In short, evangelicals have taken political stances that sometimes appear quixotic, sometimes heroic, and often contradictory.

Increasingly, U.S. evangelicals have allied themselves with conservative politics. Many rallied around Ronald Reagan, the nation's first divorced President, who rarely attended church and gave little to charity, while viewing with suspicion Jimmy Carter—a devoutly religious President who taught a Baptist Sunday school class throughout his term in office.

To complicate matters, many evangelicals in places like the United Kingdom and New Zealand align themselves with liberal political parties, believing their Christian commitment enjoins them to seek government help for the poor and to oppose war. And in China, many whom we would identify as evangelical see no contradiction in their support for the world's largest Communist government.

According to author Randall VanderMey, "Evangelicals tend to view the church not as a giant ship so much as a fleet of rowboats and boogie boards, with each individual in search of an authentic personal experience with God." As we have seen, politics hardly offers the appropriate labels to slap on evangelicals. What descriptors might apply, then?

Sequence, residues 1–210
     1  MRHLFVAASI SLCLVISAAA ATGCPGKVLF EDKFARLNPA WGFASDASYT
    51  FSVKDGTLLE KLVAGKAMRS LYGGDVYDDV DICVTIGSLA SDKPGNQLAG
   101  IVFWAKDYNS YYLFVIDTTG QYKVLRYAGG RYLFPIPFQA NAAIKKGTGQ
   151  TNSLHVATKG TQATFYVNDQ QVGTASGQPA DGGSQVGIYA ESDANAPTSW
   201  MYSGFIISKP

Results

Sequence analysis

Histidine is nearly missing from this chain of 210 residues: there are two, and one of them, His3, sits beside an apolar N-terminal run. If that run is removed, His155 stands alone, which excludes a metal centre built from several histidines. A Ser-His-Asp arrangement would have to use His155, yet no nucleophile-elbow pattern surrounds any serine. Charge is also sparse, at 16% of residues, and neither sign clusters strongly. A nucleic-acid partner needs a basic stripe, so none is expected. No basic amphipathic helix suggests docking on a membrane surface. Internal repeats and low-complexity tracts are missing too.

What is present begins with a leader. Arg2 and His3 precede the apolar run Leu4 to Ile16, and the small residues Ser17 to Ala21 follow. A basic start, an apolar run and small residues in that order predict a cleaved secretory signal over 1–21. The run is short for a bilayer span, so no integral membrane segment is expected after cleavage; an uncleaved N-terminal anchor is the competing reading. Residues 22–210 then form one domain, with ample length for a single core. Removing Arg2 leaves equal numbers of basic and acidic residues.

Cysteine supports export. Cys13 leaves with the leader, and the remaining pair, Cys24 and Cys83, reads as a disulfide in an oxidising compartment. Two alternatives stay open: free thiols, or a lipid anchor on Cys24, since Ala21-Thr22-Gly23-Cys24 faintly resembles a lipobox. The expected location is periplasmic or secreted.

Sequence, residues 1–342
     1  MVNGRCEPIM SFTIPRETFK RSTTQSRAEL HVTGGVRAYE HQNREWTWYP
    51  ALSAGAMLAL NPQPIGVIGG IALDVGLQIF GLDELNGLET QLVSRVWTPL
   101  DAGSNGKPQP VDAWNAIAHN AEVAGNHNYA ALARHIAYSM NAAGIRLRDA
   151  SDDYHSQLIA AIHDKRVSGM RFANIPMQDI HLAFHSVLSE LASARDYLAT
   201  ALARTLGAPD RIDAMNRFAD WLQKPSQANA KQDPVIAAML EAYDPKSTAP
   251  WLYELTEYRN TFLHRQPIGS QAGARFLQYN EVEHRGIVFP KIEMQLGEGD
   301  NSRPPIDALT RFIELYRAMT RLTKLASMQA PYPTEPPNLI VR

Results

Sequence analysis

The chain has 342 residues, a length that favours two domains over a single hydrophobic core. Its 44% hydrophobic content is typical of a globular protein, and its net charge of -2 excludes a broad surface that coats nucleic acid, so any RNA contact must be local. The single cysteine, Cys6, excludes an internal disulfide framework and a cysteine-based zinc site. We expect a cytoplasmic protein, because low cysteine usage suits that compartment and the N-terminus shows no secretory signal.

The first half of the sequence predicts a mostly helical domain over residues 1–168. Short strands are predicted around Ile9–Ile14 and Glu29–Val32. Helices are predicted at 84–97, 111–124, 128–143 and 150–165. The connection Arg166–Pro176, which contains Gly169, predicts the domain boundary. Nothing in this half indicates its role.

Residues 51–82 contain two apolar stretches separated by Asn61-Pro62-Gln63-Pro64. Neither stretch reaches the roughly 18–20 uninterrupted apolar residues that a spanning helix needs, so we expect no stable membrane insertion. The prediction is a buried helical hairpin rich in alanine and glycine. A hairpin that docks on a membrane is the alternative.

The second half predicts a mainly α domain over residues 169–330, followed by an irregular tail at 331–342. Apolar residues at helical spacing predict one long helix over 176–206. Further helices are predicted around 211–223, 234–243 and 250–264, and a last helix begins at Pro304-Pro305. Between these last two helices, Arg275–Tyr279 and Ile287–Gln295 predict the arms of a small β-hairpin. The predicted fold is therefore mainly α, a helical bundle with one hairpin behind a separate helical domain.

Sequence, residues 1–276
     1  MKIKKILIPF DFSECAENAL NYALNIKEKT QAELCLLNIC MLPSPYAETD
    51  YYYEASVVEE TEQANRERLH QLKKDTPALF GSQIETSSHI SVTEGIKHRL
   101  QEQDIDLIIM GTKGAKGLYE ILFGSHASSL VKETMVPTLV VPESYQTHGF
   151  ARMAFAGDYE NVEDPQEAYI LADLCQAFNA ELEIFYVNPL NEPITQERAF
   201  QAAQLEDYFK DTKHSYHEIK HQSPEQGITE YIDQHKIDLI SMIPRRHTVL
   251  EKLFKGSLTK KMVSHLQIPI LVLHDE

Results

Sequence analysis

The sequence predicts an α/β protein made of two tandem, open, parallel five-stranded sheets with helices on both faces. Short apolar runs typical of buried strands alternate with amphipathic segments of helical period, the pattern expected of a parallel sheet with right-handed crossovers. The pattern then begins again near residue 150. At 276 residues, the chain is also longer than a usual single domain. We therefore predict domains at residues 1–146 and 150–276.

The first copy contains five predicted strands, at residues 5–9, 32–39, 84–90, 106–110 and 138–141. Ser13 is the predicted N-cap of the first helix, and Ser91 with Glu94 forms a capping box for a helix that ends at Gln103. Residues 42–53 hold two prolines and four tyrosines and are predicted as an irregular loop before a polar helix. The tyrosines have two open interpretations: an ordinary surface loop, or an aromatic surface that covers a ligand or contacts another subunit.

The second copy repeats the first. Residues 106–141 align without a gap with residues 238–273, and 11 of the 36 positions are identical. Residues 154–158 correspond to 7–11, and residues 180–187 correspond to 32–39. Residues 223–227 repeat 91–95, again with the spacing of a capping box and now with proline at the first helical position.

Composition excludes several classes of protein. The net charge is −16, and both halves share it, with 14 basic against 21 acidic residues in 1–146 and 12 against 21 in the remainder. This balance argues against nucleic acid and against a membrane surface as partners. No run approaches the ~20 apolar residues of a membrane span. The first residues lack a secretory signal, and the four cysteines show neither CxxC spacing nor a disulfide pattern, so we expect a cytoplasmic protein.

The British historian David Bebbington suggests this overall summary of evangelical distinctives:

Conversionism: the belief that lives need to be transformed through a "born again" experience.
Activism: the expression of the gospel in missionary and social reform efforts.
Biblicism: a particular regard for the Bible as the ultimate authority.
Crucicentrism: a stress on the sacrifice of Jesus Christ on the Cross as making possible the redemption of humanity.

Under this overarching description, Roman Catholics, mainline Protestants, and Orthodox can be evangelicals even while remaining within denominational structures that might shirk the term. The National Association of Evangelicals bars denominations that are members of the National Council of Churches, and yet many of those denominations have constituents who gladly call themselves evangelicals.

As a writer, I have found that by sticking to Bebbington's four distinctives, especially his emphasis on the Bible, I have a wide range of freedom. When readers complain, I reply that I am not the radical; Jesus is. He sought out prostitutes and sinners, in the process attracting violent opposition from the religious establishment of his day. As he departed, he prayed that his followers would not be removed from the world, charging them instead to live in its midst as salt and light...

As one who has been nurtured by evangelicalism, I hope we retain the spirit leading a movement that has proven to be light on its feet, willing to self-correct, and is above all committed to follow Jesus—"who, though he was rich, yet for our sakes became poor, that we, through his poverty, might become rich, and who has left us an example that we should follow in his steps."